Following on from last weekends brilliant otter holt construction with Cardiff Trail Scrubs using material thinned out from the reserve, I decided on a little me time. Firstly, I want to make sure that the wood cut down on the reserve is used to benefit the reserve. So we hope to perform any felling in stages and use the wood when needed.
Over the last few years, we have been really successful with our willow coppicing and revetment works and I keep building temporary mangers from willow to stack the willow ready to be bundled up. I decided with all the timber we had, I would make a Kentish notch device, an old tool made from wood and loops of cord or wire, which allows bundles to be stacked and tied with just one person. So, to do this I made some stakes, this involved getting my side axe out of spring, summer and autumn hibernation to spike them.
|My old side axe back out in daylight|
|The posts knocked into the ground and wires looped between adjacent posts|
|some brush from last year as a tester|
I returned then to the harvested wood area and collected a few pieces of ash. One section I clove to create two signposts and to a longer section with a slight curve in one end, I clove it and created two similar handles to complete the Kentish notch.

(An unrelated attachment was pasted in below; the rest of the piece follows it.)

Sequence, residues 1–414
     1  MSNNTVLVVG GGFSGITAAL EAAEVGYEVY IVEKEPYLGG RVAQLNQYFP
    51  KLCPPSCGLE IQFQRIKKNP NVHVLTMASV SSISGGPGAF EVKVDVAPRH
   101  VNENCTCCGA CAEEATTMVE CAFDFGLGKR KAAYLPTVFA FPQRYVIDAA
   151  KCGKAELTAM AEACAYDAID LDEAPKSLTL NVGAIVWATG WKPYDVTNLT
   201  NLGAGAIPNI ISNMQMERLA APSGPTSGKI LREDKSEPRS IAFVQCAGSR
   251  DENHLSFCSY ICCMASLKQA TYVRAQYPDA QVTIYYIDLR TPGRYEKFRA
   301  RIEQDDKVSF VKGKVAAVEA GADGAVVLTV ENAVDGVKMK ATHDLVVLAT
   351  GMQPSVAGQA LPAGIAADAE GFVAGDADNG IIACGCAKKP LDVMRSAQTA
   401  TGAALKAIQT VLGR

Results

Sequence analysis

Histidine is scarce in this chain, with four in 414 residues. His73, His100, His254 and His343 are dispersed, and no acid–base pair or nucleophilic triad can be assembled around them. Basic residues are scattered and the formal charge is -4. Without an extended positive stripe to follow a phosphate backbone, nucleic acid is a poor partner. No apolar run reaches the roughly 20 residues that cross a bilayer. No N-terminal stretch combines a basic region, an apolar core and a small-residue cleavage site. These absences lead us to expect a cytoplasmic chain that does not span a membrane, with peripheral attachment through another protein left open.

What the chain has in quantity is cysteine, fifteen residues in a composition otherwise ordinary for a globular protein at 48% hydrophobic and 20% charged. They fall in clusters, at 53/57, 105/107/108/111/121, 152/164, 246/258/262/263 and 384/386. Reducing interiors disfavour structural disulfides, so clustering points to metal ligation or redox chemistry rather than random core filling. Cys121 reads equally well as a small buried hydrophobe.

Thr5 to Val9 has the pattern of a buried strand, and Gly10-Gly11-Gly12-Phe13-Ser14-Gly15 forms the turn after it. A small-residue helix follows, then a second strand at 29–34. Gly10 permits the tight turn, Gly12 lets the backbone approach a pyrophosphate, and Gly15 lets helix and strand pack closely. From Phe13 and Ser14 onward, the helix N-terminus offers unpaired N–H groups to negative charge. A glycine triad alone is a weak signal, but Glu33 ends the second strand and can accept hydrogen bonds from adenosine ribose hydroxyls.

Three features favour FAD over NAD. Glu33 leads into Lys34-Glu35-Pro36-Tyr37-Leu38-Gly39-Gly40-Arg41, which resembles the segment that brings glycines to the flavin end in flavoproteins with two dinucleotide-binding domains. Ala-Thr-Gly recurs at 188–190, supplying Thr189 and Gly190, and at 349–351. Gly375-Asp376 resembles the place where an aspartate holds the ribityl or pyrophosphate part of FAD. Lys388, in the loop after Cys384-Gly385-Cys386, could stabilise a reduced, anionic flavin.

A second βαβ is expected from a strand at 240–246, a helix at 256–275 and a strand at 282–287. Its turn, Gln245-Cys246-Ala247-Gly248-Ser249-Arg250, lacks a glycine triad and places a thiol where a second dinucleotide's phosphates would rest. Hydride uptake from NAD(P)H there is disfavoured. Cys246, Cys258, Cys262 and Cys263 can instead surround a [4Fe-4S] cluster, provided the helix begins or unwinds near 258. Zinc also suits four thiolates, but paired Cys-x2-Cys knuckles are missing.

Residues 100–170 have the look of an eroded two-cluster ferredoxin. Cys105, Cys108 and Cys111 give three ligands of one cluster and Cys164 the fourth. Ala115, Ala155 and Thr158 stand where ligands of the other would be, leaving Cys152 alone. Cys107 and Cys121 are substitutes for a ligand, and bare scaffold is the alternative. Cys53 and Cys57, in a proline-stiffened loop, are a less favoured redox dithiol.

I shaved down the sides to a reasonably smooth finish for the signs. Following this, I permanent markered some information and added a liberal coating of oil. In hindsight, I should have waited and borrowed a pyrography kit. Anyway, you live and learn (but then rather frustratingly you forget).
I was tempted to do it all properly with wood, but ran out of time, so drilled and nailed with aluminium clout nails (these bend if you just look at them with a mildly aggressive frown).
I wandered over to the willow coppice area, knocked in another post into ground which can be best described as homoeopathy levels of soil in water. As a result, I had to knock the post deeper into the ground than I was expecting, so had to cut the top of the post at an angle and attached the Kentish Notch Device sign.
|Sign for the Kentish Notch device made from freshly split green ash wood|
|Woodsman's grips work well on this tiny bundle|